A tropical storm warning has been issued for the southern part of Mexico’s Baja California peninsula as Hurricane Norma approaches with 120kph (75mph) winds.
The US National Hurricane Center said the storm became a hurricane on Friday evening as it swept towards the southern tip of the peninsula in northwestern Mexico.
Mexico’s National Meteorological Service (SMN) issued a warning on Saturday morning, saying the storm will bring rains, strong winds, and a powerful swell, which will affect the west and northwest of the country and the southern part of Baja California.
SMN forecast that the cyclone will slowly move northwards over the next few days, with tropical storm conditions expected to hit the coast on Sunday. The storm is expected to eventually make landfall on September 19.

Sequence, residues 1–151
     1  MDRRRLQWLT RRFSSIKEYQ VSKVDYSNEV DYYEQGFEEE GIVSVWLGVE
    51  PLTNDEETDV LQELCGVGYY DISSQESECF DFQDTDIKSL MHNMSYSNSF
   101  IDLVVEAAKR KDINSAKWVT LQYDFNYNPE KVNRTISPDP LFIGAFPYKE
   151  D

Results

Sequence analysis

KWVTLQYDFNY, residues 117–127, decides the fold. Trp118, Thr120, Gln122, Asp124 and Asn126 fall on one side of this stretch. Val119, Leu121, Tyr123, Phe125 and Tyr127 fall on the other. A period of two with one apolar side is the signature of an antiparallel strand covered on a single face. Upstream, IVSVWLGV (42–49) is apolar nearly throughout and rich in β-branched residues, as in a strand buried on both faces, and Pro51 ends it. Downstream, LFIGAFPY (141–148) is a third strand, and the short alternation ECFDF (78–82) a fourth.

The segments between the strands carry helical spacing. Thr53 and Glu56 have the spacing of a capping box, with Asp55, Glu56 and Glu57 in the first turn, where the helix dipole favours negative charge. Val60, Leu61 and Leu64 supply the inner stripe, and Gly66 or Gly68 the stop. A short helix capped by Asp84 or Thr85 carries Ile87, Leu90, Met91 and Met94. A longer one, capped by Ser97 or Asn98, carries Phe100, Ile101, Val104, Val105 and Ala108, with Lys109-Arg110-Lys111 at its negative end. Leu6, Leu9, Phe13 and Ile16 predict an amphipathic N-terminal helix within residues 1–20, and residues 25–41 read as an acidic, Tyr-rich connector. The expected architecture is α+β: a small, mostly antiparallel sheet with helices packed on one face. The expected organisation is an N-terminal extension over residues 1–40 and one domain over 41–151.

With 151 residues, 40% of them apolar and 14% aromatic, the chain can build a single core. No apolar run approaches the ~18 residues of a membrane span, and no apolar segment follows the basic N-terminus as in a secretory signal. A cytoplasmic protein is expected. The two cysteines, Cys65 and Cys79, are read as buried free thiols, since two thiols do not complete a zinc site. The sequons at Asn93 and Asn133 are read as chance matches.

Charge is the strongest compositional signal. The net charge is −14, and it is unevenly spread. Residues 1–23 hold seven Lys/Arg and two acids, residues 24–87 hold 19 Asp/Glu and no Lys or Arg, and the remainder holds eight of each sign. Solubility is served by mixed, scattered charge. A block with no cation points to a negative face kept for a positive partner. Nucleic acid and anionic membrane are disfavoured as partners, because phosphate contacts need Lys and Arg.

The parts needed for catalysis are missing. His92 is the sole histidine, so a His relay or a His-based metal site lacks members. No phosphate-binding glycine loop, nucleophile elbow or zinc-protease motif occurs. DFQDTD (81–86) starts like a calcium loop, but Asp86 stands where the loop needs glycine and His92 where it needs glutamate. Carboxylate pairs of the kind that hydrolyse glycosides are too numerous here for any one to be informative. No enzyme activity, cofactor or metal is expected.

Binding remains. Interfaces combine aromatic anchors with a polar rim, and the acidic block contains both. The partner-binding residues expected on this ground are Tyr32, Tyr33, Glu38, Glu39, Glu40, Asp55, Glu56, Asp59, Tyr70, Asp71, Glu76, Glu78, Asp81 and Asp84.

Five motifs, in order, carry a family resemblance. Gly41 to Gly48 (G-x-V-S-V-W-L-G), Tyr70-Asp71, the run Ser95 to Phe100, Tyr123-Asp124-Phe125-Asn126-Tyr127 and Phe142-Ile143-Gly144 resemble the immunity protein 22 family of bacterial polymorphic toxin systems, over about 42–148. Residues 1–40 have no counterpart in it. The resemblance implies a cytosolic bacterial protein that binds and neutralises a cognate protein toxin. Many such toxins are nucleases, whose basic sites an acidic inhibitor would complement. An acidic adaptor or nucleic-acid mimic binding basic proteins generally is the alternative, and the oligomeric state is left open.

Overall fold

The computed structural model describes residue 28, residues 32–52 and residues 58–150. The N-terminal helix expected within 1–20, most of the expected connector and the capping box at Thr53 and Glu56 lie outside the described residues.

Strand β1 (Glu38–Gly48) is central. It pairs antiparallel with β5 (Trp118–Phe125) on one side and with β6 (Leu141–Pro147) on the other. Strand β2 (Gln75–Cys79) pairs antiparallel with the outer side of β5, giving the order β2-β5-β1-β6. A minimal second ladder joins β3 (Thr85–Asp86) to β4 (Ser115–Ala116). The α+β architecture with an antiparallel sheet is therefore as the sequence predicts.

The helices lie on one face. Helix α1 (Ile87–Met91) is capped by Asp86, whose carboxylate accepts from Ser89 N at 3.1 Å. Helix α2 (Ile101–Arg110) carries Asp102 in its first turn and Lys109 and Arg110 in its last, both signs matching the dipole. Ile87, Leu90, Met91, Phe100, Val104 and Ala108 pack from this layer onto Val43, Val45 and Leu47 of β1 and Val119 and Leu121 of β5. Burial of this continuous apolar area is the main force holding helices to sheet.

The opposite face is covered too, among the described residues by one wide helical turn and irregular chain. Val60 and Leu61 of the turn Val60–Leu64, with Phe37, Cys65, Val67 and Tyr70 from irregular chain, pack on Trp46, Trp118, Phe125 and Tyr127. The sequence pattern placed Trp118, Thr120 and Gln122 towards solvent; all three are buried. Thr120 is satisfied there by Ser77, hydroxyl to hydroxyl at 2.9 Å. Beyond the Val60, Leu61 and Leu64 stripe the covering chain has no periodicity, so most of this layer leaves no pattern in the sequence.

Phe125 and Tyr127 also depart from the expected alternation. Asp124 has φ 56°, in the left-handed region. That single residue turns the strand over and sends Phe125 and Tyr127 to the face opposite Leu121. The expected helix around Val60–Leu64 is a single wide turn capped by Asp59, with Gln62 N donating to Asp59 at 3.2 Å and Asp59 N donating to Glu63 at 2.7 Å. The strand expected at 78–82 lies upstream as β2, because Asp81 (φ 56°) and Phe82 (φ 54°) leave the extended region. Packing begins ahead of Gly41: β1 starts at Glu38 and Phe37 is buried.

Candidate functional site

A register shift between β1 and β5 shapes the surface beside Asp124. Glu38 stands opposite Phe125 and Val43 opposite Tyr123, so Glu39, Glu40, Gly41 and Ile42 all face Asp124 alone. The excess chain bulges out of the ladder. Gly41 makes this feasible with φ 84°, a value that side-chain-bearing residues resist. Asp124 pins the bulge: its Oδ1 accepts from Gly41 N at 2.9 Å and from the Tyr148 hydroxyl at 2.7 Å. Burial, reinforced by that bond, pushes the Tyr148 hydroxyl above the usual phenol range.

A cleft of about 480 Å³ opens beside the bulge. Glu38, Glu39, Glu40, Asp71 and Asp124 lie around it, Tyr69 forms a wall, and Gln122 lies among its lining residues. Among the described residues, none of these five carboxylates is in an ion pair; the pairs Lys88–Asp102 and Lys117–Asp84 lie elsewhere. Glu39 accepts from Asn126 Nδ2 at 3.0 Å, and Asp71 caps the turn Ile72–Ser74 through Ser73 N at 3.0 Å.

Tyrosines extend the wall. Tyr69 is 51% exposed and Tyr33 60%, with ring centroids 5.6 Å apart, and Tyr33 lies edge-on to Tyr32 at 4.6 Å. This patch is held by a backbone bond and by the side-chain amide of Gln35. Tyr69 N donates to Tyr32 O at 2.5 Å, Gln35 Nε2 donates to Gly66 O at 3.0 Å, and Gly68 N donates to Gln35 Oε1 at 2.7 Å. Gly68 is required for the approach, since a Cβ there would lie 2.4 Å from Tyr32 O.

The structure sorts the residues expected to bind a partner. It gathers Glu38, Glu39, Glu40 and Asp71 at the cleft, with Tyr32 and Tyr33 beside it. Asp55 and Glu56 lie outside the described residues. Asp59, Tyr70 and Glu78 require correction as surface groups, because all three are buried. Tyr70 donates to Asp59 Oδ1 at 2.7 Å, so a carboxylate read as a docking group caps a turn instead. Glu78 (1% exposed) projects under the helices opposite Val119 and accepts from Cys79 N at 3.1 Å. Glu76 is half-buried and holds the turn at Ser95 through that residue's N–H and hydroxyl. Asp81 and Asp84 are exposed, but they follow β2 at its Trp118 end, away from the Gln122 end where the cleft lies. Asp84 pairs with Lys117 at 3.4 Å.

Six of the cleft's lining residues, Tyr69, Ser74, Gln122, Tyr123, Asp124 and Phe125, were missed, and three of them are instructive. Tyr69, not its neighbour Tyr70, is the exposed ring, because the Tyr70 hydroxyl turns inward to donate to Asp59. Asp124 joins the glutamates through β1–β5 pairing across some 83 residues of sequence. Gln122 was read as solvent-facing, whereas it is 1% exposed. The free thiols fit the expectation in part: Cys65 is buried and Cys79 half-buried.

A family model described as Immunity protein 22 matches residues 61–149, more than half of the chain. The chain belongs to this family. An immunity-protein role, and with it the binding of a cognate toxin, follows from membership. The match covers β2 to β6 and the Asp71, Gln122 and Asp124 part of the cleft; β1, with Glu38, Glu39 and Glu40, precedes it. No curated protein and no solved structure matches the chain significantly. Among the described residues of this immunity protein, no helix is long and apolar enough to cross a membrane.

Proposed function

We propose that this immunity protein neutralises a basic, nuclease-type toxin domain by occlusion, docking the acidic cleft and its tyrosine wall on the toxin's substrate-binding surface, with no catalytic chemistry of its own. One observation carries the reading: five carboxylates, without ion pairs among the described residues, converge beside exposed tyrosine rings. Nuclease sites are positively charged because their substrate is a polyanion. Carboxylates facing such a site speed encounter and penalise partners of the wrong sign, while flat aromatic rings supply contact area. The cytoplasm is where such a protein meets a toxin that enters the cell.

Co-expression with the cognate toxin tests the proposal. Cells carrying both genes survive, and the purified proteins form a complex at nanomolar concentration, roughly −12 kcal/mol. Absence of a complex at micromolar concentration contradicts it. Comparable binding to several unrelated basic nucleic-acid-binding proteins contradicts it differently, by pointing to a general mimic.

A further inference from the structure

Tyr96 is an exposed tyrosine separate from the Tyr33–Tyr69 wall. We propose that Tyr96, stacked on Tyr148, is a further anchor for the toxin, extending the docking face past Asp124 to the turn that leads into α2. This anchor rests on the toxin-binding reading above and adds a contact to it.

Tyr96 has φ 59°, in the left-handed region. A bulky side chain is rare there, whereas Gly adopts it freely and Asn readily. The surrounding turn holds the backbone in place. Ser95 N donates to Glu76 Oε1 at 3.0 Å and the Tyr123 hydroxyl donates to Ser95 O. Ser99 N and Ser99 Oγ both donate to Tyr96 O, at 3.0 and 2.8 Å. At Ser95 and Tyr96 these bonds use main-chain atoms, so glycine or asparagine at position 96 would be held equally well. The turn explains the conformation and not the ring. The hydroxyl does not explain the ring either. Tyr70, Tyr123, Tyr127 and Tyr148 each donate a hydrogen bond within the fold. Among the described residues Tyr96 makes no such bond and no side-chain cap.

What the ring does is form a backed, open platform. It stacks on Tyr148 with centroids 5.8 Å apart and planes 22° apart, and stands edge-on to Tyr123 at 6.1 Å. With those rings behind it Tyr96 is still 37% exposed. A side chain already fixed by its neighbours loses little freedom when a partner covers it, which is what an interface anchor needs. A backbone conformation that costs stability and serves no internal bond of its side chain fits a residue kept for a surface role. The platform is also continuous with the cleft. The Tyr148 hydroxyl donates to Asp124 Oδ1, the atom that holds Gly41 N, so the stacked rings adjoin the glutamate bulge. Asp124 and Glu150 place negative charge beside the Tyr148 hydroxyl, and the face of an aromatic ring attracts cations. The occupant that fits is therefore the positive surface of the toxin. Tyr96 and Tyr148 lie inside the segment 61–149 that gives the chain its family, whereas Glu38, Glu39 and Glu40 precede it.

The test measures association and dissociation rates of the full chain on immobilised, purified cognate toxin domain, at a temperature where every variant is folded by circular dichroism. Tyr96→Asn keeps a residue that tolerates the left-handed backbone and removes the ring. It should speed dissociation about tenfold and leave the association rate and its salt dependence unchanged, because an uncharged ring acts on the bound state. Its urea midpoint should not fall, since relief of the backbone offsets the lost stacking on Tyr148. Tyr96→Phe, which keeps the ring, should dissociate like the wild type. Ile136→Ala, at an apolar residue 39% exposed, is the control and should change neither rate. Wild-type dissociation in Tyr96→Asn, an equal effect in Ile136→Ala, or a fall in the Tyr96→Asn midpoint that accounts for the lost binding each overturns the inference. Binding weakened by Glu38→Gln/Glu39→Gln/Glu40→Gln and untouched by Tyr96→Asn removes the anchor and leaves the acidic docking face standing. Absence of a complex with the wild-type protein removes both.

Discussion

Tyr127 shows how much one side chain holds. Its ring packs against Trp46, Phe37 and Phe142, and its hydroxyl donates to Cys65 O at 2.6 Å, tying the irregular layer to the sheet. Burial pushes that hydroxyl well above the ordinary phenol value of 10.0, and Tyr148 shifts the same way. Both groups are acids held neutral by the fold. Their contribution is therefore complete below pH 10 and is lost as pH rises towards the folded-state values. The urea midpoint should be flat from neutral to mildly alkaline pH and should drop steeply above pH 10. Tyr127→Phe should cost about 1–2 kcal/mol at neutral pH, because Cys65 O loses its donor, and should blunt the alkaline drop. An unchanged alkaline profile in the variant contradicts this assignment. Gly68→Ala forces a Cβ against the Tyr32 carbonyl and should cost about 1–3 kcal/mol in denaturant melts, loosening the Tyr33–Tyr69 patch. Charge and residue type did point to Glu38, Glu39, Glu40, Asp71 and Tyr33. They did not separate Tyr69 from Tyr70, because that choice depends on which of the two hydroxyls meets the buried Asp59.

A tropical storm warning means that tropical storm conditions are expected somewhere within the warning area within 36 hours.
“Norma has been nearly stationary, but a slow northward motion should begin later today and continue through Sunday,” the US National Hurricane Center said.
“Maximum sustained winds are near 75 mph (120 km/h) with higher gusts. Some slight strengthening is possible during the next day or two.”
Norma is currently registering as a Category 1 storm on the Saffir-Simpson scale. Hurricane Irma reached Category 5 status when it wreaked havoc in the Caribbean last week.